Earlier Tuesday, I also made a remark about the poor outlook for the McAuliffe campaign in the final two days of the election. Why would you want to invite Randi Weingarten from the American Federation of Teachers on the stage with you? And why would you attack white female teachers in a move that has also been criticized by African American civil rights leaders?

WATCH: Here are America’s 50 Best Beach Towns

Each beach town has its own set of pros and cons, which got us thinking about what makes a beach town the best to live in. To find out, Stacker took a look at WalletHub data, released on June 17, 2020, which compares US beach towns. Ratings are based on six categories: affordability, weather, safety, economy, education and health, and quality of life. The towns had a population of 10,000 to 150,000, but they had to have at least one local beach listed on TripAdvisor. Read the full methodology here. From these rankings, we have selected the top 50. Readers who live in California and Florida won’t be surprised to learn that many of the cities featured here are in one of these two states.

Read on to see if your favorite beach town has made the cut.



Major Wall Street Stock Indices Set New Records | national news



Stocks ended a wobbly day up slightly on Wall Street, enough to hit all-time highs for major indices. The S&P 500 rose 0.2% and the Dow Jones Industrial Average rose 0.3%. The Nasdaq rose 0.6%. Small company stocks have largely overtaken the broader market. Energy stocks made solid gains on the rise in oil prices. Bond yields also rose. This week, traders will attend another policy meeting of the Federal Reserve, which is examining how to end its extraordinary support measures for the economy. More and more companies are publishing quarterly profits and the government is releasing its monthly employment report on Friday.

THIS IS A CURRENT UPDATE. AP’s previous story follows below.

Stocks faltered in afternoon trading on Wall Street on Monday and hovered around the records they set last week.

The S&P 500 was up 0.1% at 3:27 p.m. EST after fluctuating between small gains and losses. The Dow Jones Industrial Average rose 48 points, or 0.1%, to 35,867 and the Nasdaq rose 0.4%. All three indices are set to hit other all-time highs.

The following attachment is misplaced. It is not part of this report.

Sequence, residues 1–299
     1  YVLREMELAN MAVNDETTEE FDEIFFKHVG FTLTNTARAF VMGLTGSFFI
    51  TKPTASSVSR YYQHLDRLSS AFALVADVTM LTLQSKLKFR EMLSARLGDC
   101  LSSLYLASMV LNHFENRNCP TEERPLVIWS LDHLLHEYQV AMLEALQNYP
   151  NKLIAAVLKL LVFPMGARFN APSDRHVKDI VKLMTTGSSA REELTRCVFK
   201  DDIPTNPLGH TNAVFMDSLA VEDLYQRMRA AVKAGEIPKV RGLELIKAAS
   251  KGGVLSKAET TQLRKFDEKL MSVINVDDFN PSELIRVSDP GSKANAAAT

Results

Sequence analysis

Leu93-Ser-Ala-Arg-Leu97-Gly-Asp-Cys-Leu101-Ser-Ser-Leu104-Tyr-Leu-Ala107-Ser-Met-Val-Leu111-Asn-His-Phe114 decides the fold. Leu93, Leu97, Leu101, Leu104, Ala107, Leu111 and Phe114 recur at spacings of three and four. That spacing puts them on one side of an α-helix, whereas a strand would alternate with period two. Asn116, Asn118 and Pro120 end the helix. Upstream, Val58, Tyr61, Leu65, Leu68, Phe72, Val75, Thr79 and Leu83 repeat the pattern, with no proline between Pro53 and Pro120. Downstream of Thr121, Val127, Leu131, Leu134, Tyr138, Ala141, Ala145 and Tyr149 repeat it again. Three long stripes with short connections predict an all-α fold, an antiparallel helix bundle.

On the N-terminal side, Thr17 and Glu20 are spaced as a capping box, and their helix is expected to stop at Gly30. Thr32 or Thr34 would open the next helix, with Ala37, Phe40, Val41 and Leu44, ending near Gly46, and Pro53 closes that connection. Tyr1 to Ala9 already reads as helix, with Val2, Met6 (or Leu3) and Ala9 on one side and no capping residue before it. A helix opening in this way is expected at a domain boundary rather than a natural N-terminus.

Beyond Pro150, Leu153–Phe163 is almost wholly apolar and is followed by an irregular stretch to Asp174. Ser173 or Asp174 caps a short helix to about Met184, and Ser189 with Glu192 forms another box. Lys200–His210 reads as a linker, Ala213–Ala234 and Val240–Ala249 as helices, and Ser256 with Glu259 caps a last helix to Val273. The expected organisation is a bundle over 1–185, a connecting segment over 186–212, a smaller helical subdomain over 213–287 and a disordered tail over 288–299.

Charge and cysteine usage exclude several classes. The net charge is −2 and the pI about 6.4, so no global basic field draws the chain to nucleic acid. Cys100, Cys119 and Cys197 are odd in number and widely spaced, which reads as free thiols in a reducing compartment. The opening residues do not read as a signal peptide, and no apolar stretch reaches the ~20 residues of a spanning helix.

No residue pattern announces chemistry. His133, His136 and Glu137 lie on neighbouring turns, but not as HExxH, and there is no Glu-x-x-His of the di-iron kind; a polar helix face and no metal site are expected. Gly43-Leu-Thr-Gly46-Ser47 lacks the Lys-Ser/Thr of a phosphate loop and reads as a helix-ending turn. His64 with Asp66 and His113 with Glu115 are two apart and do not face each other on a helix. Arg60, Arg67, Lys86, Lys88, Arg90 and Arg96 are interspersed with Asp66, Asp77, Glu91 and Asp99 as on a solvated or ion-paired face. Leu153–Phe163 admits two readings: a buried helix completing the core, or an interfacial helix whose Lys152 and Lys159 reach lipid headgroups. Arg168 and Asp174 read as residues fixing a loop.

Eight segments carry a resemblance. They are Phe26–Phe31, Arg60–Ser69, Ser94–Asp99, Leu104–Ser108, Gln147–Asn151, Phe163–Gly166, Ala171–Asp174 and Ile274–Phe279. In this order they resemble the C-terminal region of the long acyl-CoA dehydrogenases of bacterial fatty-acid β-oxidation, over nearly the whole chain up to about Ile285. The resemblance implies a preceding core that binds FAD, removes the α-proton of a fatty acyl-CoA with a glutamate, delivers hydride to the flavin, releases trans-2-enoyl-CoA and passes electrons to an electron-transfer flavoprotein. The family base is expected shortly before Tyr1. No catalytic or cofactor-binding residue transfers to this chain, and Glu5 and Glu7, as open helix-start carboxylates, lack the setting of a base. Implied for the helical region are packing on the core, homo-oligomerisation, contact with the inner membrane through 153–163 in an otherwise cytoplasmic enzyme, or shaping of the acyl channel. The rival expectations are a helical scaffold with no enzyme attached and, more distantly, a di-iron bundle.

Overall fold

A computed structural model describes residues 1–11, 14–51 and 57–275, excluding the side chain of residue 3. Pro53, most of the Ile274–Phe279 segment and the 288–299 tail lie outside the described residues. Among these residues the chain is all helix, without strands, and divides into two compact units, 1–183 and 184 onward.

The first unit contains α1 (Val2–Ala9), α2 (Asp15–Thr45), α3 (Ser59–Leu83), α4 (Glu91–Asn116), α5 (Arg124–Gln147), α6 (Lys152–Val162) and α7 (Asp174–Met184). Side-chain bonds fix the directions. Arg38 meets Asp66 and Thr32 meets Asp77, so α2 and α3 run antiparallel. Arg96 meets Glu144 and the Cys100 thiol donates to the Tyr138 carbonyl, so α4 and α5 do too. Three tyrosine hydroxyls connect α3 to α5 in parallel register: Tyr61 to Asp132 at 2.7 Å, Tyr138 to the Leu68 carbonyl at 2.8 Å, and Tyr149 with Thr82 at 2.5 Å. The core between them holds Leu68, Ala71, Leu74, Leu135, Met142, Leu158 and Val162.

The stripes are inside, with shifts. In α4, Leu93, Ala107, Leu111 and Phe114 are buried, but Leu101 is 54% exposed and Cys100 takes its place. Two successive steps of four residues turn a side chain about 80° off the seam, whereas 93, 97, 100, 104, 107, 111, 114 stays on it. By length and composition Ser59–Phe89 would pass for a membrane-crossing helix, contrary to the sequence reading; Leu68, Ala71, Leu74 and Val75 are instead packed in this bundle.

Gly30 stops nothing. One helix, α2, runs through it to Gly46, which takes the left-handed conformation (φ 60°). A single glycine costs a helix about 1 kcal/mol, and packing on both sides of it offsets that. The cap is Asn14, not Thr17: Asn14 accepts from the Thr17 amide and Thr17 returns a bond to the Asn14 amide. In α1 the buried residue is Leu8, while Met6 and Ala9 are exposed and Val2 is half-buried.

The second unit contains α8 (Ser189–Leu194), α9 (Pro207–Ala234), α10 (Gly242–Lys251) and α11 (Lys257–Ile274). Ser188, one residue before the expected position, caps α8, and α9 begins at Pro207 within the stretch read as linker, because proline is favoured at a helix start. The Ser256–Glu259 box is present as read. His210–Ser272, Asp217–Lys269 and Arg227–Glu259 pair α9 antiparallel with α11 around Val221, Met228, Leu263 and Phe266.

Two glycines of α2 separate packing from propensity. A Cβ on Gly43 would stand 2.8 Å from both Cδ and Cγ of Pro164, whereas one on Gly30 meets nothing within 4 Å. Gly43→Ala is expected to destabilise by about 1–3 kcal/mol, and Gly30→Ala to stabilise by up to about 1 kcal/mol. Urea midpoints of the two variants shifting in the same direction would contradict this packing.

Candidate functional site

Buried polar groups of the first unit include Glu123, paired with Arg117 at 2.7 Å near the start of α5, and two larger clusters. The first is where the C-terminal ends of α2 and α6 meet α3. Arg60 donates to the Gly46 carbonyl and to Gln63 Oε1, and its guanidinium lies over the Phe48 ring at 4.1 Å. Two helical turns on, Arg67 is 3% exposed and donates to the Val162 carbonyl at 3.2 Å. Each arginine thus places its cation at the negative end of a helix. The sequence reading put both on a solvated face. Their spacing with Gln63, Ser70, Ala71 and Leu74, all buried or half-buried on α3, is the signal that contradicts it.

Smaller company stocks largely outperformed the market as a whole, a sign that investors were confident about economic growth. The Russell 2000 rose 2.4%.

More than 65% of S&P 500 shares rose, led by energy companies as the price of U.S. crude oil rose 0.6%, adding to a gain of more than 75% so far this year. Exxon Mobil rose 1.8%. A mix of companies that depend on direct consumer spending for goods and services accounted for a large part of the index’s gains. Tesla jumped 7.1% and Starbucks gained 3.6%.

Losses at tech, communications and healthcare companies helped contain the S&P 500’s gains. Microsoft fell 0.9%, parent company of Google Alphabet slipped 2.9%, and UnitedHealth Group slid fell 1.5%.

Bond yields have risen and have helped banks make gains as they rely on higher yields to charge more lucrative interest rates on loans. The 10-year Treasury yield fell from 1.55% Friday night to 1.57%. Capital One rose 1%.

Each major index hit record highs on Friday to cap the broad market’s best month in nearly a year. Stocks have been gaining ground for weeks as investors examine a steady stream of mostly encouraging corporate earnings.

More than half of the companies in the benchmark S&P 500 have already published results. Analysts expect overall profit growth of 36% by the end of the report. 167 other companies in the index will publish their results this week.

Pharmaceutical giant Pfizer will release its results on Tuesday and CVS Health will release its results on Wednesday.

Investors will also follow another policy meeting by the Federal Reserve, which is currently considering how to end its extraordinary measures to support the economy. The central bank will issue its latest press release on Wednesday.

Rising inflation remains a concern and is likely to be persistent, but will likely moderate through the end of the year, said Rod von Lipsey, chief executive of UBS Private Wealth Management. Meanwhile, investors have focused on earnings and other fundamental metrics as they overcome the uncertainty of COVID-19.

“Obviously, we are waiting to see what the Fed has to say, but there is still a lot of room and capacity for the markets to continue this recovery,” he said.

Wall Street will receive several more economic updates this week.

The Institute for Supply Management will release its service sector index for October on Wednesday. This will give investors a glimpse of how the sector, which accounts for the bulk of economic activity, is recovering from the surge in COVID-19 cases over the summer.

Investors will also receive another job market update when the Labor Department releases its jobs report for October on Friday.

Copyright 2021 The Associated Press. All rights reserved. This material may not be published, broadcast, rewritten or redistributed without permission.